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Rode an XR650R that cornered better than mine, why?

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Rode an XR650R in Baja last weekend that felt better in corners at speed than my 650R. Only major difference Scotts stabilizer. Do those really make a difference in cornering?

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There are alot of things you can do to change the handling. When I bought my 2nd 650R, it was completely stock. My 2000 handled way better than my 2001 until I swapped all the goodies.

I just bought a stabilizer for my KTM. It makes a huge difference on that bike.

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How about your sag set up? I love my scotts, but, maybe thats not the hole answer.

Jim

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Rode an XR650R in Baja last weekend that felt better in corners at speed than my 650R. Only major difference Scotts stabilizer. Do those really make a difference in cornering?

The only majorpart is the Scotts, but its the minor differences that can make a huge difference in handling.

There are a number minor things that taken alone or together can & do add up to a huge diff. in feel ~ slightly differerant spring rates, slightly different valving, slightly different sag, slightly different fork height, slightly different tires, slightly diffferent tire pressure, slightly different... etc & so on

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And don't forget the most important little thing to making a 650R turn...

The rear wheel placement. The farther forward it is, the better it will turn. A cheap severely stretched chain on one 650R with a brand new one on the other (gearing being the same) can show a difference in handling.

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Most that race Baja have their forks pushed up at least 5mm and are running 5mm spring shims with right springs and suspension valved right. Super huge difference. There race sag is set right. Huge difference. Back wheel as far forward as possible big difference. Steering Damper hug difference. Bars are further forward and taller.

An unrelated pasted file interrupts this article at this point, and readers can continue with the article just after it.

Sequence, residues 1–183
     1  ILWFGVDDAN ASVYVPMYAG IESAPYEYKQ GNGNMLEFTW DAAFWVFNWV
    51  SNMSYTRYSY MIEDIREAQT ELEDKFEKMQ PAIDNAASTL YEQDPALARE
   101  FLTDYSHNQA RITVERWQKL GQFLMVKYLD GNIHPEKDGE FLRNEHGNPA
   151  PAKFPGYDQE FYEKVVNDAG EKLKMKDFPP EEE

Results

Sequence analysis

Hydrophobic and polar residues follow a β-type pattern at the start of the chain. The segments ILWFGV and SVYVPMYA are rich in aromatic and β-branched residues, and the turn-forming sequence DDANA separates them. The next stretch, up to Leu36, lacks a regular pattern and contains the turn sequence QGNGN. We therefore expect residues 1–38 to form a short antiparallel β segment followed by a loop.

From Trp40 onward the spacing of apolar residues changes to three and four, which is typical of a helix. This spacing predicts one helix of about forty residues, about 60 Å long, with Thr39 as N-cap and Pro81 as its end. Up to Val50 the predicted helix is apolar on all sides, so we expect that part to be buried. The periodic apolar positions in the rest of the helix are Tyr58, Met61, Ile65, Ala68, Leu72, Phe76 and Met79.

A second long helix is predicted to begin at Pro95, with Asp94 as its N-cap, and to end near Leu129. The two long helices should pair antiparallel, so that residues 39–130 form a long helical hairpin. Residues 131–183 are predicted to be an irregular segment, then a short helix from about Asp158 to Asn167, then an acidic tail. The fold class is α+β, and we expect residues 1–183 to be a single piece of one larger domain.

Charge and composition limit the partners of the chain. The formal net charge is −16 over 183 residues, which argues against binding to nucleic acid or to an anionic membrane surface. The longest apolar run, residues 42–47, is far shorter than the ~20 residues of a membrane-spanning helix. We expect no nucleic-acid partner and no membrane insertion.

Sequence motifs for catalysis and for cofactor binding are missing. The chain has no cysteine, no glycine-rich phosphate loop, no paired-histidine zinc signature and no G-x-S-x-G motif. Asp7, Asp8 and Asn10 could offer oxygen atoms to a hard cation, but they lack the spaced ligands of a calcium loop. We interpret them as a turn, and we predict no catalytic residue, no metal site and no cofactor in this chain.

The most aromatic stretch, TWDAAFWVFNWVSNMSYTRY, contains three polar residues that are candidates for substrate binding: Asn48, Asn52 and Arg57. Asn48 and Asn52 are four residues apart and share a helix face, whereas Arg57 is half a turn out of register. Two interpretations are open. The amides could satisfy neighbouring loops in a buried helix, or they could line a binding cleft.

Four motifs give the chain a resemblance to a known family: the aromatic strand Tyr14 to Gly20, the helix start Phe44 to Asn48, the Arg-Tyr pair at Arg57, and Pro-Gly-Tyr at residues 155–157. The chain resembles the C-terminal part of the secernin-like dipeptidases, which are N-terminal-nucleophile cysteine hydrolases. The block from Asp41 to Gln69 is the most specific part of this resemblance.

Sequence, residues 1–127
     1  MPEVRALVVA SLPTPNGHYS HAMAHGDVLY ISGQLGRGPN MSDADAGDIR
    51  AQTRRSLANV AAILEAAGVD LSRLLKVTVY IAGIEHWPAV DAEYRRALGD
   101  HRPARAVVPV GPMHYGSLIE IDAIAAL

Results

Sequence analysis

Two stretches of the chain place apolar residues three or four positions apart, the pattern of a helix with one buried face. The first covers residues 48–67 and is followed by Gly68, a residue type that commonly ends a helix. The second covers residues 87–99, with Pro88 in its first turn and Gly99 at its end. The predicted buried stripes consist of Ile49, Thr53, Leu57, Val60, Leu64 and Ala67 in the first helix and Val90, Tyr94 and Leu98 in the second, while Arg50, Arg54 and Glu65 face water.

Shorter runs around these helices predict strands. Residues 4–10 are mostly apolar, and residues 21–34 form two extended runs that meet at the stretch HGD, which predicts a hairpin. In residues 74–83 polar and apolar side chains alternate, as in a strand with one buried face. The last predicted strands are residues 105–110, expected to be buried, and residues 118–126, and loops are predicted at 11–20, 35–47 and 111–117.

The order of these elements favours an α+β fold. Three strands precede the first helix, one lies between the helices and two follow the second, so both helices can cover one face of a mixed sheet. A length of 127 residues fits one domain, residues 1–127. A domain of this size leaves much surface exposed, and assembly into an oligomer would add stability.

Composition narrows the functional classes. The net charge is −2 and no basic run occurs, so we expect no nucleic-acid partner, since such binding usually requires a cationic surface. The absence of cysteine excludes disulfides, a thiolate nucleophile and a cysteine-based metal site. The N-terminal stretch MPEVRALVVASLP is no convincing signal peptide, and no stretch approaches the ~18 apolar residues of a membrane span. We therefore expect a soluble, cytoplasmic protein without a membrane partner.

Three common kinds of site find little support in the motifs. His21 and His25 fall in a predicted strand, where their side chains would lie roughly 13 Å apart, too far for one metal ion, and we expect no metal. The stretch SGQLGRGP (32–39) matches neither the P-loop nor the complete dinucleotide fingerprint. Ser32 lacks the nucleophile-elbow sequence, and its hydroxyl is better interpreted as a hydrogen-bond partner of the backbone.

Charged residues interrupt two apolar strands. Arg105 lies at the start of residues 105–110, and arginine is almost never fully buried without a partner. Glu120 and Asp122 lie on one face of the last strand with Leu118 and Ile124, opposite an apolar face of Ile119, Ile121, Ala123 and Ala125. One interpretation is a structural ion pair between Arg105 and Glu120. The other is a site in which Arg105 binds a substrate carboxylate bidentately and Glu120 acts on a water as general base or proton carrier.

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How come no one metioned that BTW.. They have completely different frames!! That may effect the handling if the frame design is different. The R has a light alluminum frame and ppl subconsiously steer with the explosive power wether it be just slightly or full out drift mode in fact during all the reviews done "steering with the rear wheel" is the perfered methiod. This works well on the track but in the woods you must be very concious of the terrain or you will end up on your ass.

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Good points guys, didn't think about sag and fork height or for that matter even rear tire placement. My suspension was setup a few years ago by Precision Concepts, was in a hurry so I brought entire bike to them and I was told they set up everything to my riding style and weight. Suspension wise my bike feels better in whoops and even just choppy dirt rodes so I am happy there. Rear axle is towards front of swing arm so it sounds like I need to experiment with fork height or rear sage. Any recommendations?